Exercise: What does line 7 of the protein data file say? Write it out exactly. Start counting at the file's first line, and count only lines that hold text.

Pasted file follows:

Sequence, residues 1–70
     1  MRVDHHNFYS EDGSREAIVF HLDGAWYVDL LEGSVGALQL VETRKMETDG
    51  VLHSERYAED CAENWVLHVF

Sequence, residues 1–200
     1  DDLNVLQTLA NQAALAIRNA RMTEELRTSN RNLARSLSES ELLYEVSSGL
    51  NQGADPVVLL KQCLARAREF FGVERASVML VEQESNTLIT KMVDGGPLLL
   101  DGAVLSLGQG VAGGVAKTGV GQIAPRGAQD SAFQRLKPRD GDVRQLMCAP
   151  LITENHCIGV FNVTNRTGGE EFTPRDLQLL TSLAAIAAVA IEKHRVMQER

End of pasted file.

   101  DGAVLSLGQG VAGGVAKTGV GQIAPRGAQD SAFQRLKPRD GDVRQLMCAP